Plus, she's seventeen, so there's a squick factor for me with the suggestion of romance between them. Reeks of those literary novels about aging professors who find their joy in life by screwing an undergrad. Yuck!

Gotta say, all that sailed over my head when I was a teenager, but it's much harder to see past now. 

Have you revisited any books that you loved in your youth? How did it go? Do they hold up? I'd love to hear about your experience in the comments! 

Wednesday, April 6, 2022

Audiobook Struggles

Welcome to the first Wednesday of the month. You know what that means! It's time to let our insecurities hang out. Yep, it's the Insecure Writer's Support Group blog hop. If you're a writer at any stage of career, I highly recommend this blog hop as a way to connect with other writers for support, sympathy, ideas, and networking. If you're a reader, it's a great way to peek behind the curtain of a writing life.

Our Twitter handle is @TheIWSG and hashtag is #IWSG.

April 6 question - Have any of your books been made into audio books? If so, what is the main challenge in producing an audiobook?

The awesome co-hosts for the April 6 posting of the IWSG are Joylene Nowell Butler, Jemima Pett, Patricia Josephine, Louise - Fundy Blue, and Kim Lajevardi!

I do a LOT of my own reading in the form of audiobooks. 

I adore being able to read while I'm busy doing other things like the laundry--tasks that need doing but don't engage much of my brain because they're rote and uninteresting. 

Add an audiobook to a pile of unmatched socks and I'm much more willing to take on the task. 

So, of course, I want my own books released on audiobook. Menopausal Superheroes would definitely make doing the dishes more interesting.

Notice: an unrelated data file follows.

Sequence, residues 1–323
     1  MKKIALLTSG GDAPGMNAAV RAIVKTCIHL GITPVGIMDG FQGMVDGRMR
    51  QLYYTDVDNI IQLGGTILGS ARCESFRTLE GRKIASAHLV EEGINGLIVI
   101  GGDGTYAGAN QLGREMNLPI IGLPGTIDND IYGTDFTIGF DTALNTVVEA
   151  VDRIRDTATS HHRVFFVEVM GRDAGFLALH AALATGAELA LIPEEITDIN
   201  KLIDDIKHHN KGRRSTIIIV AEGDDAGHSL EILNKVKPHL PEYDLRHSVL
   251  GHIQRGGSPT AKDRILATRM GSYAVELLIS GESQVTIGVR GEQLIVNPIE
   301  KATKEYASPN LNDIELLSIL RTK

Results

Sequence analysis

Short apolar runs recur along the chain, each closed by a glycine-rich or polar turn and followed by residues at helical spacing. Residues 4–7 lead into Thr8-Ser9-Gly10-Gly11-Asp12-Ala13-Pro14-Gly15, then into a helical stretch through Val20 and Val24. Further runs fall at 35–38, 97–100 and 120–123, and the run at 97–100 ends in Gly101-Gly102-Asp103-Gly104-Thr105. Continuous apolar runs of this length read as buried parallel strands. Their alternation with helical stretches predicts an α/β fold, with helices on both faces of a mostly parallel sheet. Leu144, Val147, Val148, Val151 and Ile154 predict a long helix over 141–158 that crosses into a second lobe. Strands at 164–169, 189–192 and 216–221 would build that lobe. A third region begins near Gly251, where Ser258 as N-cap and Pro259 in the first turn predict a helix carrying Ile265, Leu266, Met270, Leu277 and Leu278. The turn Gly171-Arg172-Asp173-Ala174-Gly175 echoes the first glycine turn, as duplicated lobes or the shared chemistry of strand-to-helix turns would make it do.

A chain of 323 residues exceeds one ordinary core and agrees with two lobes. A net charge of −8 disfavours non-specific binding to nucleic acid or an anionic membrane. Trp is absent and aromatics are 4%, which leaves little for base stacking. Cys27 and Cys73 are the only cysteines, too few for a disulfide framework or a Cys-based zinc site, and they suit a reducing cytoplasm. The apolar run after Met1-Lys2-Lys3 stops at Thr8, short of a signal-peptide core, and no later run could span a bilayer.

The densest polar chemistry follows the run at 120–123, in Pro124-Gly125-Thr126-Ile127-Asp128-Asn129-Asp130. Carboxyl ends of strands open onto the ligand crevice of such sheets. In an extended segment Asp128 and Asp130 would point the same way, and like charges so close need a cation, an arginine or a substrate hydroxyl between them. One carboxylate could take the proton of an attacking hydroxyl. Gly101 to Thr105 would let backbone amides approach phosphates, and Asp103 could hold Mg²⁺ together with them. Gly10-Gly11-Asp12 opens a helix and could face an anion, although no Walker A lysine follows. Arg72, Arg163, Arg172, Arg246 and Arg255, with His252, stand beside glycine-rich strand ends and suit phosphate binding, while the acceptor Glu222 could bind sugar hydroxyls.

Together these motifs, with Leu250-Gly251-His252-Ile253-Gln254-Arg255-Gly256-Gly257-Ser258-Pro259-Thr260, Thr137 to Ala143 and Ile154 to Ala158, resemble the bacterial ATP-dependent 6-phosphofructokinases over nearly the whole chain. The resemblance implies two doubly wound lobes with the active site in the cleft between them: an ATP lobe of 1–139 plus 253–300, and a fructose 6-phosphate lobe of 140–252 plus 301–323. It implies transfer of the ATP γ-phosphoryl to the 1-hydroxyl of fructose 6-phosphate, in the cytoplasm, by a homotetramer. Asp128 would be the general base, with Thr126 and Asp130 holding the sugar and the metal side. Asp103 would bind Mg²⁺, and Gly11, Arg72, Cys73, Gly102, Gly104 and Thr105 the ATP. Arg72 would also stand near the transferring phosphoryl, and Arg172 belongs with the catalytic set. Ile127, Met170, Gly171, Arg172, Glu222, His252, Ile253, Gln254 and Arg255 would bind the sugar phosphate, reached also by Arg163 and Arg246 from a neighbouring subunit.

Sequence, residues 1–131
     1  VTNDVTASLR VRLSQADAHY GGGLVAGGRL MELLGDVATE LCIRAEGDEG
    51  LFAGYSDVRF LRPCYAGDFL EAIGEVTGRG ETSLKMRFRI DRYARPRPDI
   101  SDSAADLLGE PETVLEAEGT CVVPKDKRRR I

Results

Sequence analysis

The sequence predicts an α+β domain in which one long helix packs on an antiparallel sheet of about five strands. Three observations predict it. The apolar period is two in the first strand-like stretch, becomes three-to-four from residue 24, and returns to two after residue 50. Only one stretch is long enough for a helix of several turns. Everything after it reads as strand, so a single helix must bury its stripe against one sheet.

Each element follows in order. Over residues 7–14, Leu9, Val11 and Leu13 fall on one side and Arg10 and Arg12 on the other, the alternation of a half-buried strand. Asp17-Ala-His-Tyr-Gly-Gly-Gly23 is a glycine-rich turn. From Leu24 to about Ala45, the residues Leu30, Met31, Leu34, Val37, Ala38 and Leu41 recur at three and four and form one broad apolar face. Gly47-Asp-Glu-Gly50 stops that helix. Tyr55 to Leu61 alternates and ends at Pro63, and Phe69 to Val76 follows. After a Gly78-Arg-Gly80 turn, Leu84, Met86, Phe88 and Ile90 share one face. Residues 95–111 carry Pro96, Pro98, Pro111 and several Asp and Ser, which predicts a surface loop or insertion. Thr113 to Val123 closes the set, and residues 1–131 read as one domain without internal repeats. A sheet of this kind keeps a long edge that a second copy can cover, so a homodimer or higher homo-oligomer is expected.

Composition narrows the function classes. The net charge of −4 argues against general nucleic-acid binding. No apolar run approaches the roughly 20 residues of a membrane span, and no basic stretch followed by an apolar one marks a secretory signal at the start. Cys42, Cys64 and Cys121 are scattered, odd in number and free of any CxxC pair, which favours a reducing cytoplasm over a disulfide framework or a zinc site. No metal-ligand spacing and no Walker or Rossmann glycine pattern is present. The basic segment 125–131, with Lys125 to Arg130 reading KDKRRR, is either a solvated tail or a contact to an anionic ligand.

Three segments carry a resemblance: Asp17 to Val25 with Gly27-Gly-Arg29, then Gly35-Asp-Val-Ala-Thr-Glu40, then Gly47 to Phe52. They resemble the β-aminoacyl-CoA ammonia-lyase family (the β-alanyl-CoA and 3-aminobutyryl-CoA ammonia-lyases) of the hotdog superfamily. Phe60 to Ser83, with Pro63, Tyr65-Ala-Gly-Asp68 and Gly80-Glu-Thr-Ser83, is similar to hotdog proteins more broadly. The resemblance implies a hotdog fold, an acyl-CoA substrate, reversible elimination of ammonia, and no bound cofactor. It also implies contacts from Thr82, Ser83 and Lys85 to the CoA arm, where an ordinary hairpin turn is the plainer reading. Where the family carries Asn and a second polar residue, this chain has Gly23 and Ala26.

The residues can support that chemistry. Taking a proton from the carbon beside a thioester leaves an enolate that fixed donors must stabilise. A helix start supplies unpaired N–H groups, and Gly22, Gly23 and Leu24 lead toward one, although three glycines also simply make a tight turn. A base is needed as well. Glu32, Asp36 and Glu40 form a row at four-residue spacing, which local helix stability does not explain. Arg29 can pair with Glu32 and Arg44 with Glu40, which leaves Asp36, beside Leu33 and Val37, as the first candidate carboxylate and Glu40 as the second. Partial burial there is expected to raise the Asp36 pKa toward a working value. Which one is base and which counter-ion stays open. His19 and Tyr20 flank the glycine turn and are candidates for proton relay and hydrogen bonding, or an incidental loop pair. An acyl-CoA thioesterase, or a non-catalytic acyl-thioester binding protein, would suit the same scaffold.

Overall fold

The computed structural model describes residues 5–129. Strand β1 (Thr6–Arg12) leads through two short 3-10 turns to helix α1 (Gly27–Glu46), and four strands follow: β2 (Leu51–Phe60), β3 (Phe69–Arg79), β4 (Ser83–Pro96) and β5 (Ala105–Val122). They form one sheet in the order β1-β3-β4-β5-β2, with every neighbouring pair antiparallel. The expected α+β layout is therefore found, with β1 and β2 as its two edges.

In fact, my publisher had gotten pretty far in the production of an audiobook for book one of the Menopausal Superhero series: Going Through the Change

He'd contracted with a recording artist who recorded it. She'd only ever done one audiobook before, but it had been well-received. We'd communicated about pronunciation details (Like Linda and David, two Hispanic characters being LEEN-dah and Dah-VEED, rather than the more anglo pronunciations). 

We were all happy and excited. I included promises of that coming audiobook in my newsletter and social media posts. 

Then began the waiting. The proposed delivery date kept getting extended: increased demands at the day job, health issues, etc. Even though this part took way longer than it should have, we were all trying to give each other grace during the pandemic, so I was patient and kept my frustrations mostly to myself. 

But, then, when the file was finally delivered, it didn't meet technical specifications. This part I don't know the details of (like, what, exactly was wrong--I've left this in the hands of my publisher), but I do know that the file could not be uploaded and used as is, and that attempts to address that by having other audio professionals worked on it did not help. 

So, here I am three years later, back at square one. No audiobook in sight. 

My last conversation with my publisher let me know that there's about a $1000 investment up front to get an audiobook produced, and, yes, he does plan to try again, but he can only do so many at a time, so it might be a while yet. 

So, sadly, I'm still waiting to hear my work as an audiobook. But I have faith we'll get there eventually. 

Are you an audiobook reader? Have you been a part of this process at any point? I'd love to hear about your experience in the comments.